New research suggests alarm system SimpliSafe simply isn't safe
If you watch TV at all, at least in the US, you've likely seen the ads for the latest technologies being pushed to market. While many folks like to be early adopters, there's something to be said for ignoring that pie-in-the-sky pitch and waiting until something has had time on the market and been thoroughly tested.
We recently saw this with the Ring doorbell, a product that continues to run endless TV commercials, perhaps just banking on appealing to the average person who doesn't look into things too carefully. Another one taking up your screen time these days is a new alarm system calling itself SimpliSafe. The problem is, research indicates it may not be living up to its impressive moniker.
Andrew Zonenberg at IOActive reports that, from its testing of the SimpliSafe system, there are some problems, and they are not minor.
There is some background information on how the system works, but the main components are the keypad and the base unit, which communicate in the 433 MHz and 315 MHz range.
Once there was some understanding of how the system works, based on dismantling several units, Zonenberg states "Rather than waste time setting up an SDR or building custom hardware to mess with the radio protocol, I decided to 'cheat' and use the conveniently placed test points found on all of the boards. Among other things, the test points provided easy access to the raw baseband data between the MCU and RF upconverter circuit".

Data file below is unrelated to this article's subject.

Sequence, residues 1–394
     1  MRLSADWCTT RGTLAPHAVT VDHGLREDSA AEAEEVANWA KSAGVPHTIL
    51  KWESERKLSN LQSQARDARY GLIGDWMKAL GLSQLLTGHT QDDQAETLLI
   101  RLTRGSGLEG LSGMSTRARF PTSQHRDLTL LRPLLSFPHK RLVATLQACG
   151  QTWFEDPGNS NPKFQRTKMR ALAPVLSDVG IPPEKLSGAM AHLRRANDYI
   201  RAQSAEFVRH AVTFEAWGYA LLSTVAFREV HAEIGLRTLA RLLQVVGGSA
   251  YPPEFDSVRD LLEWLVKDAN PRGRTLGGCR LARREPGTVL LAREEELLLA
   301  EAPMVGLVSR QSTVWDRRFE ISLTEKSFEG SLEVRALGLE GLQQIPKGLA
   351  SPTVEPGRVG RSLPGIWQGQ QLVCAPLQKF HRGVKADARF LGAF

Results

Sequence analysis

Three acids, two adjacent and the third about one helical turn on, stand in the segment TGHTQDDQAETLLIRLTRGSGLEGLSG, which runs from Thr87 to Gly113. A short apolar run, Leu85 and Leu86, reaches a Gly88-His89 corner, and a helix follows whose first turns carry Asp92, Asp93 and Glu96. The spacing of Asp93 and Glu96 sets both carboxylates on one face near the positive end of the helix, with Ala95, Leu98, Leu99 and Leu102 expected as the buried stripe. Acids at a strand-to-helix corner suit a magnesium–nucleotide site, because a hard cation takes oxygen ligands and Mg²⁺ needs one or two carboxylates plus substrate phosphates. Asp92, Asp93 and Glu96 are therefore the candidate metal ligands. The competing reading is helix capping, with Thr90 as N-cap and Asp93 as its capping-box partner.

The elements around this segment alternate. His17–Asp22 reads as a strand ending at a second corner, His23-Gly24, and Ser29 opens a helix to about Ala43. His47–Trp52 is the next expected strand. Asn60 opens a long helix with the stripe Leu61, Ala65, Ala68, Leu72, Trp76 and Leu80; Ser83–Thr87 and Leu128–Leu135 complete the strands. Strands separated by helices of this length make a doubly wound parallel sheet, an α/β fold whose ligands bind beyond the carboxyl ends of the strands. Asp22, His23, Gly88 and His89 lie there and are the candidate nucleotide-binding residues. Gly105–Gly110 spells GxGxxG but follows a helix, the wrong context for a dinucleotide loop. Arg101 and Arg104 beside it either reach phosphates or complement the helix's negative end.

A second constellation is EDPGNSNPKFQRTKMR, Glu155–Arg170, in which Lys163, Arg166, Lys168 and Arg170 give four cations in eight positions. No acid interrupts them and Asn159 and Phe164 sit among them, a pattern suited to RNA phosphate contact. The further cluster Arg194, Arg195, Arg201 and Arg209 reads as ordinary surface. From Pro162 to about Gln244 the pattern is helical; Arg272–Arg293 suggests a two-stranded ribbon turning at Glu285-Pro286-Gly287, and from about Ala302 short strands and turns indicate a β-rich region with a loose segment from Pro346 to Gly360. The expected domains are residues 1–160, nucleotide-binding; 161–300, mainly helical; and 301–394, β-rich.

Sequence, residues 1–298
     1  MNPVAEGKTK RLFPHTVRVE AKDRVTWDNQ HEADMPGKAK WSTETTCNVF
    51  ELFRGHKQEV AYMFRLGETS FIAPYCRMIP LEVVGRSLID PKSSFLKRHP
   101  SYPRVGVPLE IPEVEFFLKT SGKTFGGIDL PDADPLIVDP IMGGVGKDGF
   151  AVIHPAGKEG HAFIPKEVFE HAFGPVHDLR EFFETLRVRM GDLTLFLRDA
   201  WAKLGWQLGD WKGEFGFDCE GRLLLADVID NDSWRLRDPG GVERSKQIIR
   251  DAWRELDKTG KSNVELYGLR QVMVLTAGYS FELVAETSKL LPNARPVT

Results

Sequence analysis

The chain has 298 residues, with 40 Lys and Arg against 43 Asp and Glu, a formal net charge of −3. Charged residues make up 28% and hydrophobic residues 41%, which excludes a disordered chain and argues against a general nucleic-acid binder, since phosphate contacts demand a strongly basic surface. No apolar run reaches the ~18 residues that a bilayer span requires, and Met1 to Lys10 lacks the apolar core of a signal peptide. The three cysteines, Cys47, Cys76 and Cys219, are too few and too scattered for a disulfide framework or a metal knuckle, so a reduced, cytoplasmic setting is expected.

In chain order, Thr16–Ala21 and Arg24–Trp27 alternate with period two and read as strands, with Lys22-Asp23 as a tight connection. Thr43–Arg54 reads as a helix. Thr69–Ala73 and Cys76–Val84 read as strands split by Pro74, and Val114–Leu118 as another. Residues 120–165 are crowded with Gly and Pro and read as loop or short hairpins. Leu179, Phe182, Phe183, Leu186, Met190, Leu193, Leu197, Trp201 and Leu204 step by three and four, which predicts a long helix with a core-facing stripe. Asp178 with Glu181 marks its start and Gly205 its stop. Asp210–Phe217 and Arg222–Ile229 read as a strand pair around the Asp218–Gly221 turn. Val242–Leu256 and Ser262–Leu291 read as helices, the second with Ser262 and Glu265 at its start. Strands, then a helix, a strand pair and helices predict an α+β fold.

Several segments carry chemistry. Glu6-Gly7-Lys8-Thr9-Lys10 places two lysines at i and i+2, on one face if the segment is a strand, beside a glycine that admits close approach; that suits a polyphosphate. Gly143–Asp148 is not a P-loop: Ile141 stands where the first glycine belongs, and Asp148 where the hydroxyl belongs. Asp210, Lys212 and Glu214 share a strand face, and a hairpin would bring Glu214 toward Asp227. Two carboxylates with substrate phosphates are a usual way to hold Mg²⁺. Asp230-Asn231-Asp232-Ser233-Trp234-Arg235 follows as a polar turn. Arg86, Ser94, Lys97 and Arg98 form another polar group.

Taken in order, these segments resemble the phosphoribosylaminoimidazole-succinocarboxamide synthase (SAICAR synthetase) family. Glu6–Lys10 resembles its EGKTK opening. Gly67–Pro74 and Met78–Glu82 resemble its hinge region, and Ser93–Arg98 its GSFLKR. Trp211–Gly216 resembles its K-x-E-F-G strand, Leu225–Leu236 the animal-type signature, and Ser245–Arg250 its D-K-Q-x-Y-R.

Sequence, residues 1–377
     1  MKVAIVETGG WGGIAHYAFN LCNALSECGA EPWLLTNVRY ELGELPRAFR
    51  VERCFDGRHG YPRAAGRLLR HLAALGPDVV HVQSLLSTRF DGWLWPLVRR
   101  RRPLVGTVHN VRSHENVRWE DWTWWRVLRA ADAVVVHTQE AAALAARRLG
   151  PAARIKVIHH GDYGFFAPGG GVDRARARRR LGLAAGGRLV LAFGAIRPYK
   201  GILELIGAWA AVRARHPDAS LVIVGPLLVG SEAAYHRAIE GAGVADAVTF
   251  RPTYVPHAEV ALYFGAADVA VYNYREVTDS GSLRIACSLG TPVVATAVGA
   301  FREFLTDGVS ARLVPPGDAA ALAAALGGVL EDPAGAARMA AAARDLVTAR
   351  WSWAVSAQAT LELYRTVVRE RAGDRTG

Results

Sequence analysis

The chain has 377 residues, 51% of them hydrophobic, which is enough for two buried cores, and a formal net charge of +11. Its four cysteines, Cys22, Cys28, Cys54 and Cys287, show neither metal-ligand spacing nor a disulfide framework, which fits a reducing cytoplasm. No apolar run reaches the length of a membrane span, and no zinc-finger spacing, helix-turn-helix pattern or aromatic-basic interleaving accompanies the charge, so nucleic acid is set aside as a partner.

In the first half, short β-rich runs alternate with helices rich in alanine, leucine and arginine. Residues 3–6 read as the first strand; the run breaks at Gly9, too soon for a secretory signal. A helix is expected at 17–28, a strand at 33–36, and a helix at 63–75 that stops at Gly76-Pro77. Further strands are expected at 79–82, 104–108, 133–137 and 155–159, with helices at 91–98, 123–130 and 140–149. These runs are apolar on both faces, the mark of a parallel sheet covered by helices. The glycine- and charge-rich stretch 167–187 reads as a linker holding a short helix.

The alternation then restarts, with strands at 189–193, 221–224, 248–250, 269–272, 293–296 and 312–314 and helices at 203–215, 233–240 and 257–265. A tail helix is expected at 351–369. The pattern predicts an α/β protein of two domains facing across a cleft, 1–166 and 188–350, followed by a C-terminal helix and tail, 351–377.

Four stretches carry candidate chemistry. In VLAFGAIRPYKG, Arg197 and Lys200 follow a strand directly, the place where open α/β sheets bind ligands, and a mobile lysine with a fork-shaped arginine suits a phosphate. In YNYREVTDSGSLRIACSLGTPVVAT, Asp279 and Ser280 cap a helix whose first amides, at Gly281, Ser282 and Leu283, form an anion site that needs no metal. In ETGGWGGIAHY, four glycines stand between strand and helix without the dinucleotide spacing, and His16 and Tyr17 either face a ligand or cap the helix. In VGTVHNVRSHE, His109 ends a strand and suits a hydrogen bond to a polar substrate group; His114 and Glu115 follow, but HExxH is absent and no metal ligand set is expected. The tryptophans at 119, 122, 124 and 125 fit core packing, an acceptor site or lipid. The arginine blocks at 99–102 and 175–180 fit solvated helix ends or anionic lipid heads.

From there the research went on saying "To implement the actual attack I simply disconnected the MCUs from the base station and keypad, and soldered wires from the TX and RX basebands to a random microcontroller board I had sitting around the lab. A few hundred lines of C later, I had a device that would passively listen to incoming 433 MHz radio traffic until it saw a SimpliSafe 'PIN entered' packet, which it recorded in RAM. It then lit up an LED to indicate that a PIN had been recorded and was ready to play back. I could then press a button at any point and play back the same packet to disarm the targeted alarm system".
The snooping system could be created for a one-time $250 investment in the necessary hardware. It was then just a matter of hiding the device somewhere within 100 feet of the targeted home and waiting for the PIN to be transmitted. Then the bad guy is in and the device can move on to the next location.
Perhaps the worst part is that there is no fix, as Zonenberg states, "the keypad happily sends unencrypted PINs out to anyone listening". This can be fixed in future products, but current customers are out of luck as the microcontrollers are one-time programmable, so all current systems will need to be replaced. IOActive contacted the manufacturer but received no response.